Chapter 2, Of the Liberty of Thought and Discussion is a discussion of whether people have the right to censure others ideas and thoughts, either of their own accord or through the government in place. Mill offers many examples that he discusses throughout this chapter and his belief that sometimes general thought, a majority opinion may be wrong. He goes through criticisms of silencing individuals and his responses to these. One example is that no matter if the person is right or wrong, they are rightfully allowed to speak their mind and “conscious conviction.” Mill responds that a person can only truly know if they are right or wrong by having the right to put out their ideas for public scrutiny to disprove them. Another is that the government is supposed to maintain certain beliefs that are seen as good for the public but Mill states that the use of opinions is not a detrimental thing, which they may serve for a good purpose. He discusses the histories of Socrates and Christ, using them as examples of radicals that are admired today. Both men spoke out what are now seen as truths and were both put to death for their ideas and words, acts seen as some of the worst mistakes in history. These deaths also didn’t silence the ideas, which kept growing and spreading. After this, Mill discusses opinion that is held as a common truth, if not confronted or objected, it will just become unrevolutionary, a dead idea that will no longer be understood. His main point is that discussion is always the basis for growth but only through a fair and understanding manner can it create a useful and thriving outcome.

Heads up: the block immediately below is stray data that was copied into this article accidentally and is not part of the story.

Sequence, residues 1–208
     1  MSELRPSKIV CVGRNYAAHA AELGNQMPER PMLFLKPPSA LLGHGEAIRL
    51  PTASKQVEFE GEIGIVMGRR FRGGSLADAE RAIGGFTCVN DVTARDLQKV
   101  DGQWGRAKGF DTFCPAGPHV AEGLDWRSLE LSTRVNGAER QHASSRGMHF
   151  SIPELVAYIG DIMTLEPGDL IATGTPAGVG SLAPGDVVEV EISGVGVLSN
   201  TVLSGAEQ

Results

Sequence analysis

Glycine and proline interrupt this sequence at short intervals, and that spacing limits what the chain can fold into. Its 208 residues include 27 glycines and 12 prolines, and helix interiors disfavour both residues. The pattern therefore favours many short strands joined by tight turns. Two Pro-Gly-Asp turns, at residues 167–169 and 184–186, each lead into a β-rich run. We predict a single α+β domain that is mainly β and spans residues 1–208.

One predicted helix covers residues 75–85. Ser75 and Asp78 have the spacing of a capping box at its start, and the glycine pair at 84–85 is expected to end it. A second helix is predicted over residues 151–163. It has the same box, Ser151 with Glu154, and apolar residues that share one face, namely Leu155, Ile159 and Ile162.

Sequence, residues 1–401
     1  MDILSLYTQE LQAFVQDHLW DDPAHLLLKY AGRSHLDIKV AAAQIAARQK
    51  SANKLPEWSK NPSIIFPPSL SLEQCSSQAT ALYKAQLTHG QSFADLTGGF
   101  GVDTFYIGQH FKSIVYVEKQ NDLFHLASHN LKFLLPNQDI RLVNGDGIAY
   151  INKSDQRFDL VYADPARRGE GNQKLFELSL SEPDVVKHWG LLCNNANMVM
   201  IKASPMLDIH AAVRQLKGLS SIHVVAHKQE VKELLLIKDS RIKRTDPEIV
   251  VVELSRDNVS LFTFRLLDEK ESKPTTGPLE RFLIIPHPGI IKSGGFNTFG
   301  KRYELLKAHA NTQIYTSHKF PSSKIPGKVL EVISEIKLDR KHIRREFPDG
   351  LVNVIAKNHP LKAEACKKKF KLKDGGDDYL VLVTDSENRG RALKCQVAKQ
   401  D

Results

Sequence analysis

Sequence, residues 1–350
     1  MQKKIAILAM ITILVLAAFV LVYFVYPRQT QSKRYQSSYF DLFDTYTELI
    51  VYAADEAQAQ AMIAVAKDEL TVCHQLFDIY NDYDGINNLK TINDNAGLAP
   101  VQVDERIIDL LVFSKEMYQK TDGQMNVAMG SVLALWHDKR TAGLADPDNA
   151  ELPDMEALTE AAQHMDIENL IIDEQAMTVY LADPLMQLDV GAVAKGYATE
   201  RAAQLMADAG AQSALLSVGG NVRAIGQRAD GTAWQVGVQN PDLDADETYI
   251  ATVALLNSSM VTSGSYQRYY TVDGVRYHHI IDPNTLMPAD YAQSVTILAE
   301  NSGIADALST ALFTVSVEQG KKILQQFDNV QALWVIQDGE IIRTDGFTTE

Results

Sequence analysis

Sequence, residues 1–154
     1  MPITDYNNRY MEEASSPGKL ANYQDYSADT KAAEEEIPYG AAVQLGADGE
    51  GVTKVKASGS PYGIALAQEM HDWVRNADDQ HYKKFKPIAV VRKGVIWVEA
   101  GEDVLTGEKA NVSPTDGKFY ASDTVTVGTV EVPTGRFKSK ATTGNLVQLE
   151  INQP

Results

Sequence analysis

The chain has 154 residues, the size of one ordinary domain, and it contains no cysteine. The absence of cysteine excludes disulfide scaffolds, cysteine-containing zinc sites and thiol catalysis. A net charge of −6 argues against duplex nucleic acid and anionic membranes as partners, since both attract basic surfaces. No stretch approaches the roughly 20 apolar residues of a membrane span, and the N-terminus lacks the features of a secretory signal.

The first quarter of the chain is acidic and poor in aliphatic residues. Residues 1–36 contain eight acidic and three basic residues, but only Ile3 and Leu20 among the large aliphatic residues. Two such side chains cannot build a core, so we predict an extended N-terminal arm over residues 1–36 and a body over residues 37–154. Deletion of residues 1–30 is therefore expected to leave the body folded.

In Chapter 3 John Stuart Mill writes that society needs individual autonomy except if harming others. “no one pretends that actions should be as free as opinions. Mill puts limits on the personal freedoms he talked about in pervious chapters. Humans are imperfect and individualistic and need different experiences in life. Individual liberty is usually accepted by the majority of the population but individual liberty should not harm others and should be expressed in a way in which both the individual and community can progress. Community and humanity shouldn’t conform to each other. Change is a part of the human desire and whether the change is perceived as good or bad varies with the individual. He writes that any elimination or suppression of a person’s individuality and freedom is a form of tyranny. “The despotism of custom is everywhere the standing hindrance to human advancement.” (Mill 80) Humans are different from each other and should be allowed to express and live their differences. However as important as it is for individuals to express themselves, it also should be respectful to other individuals and they should not be allowed to trample on their liberties. A society that encourages free thinking, the circulation of ideas, individuality as well as working together within society can be happy.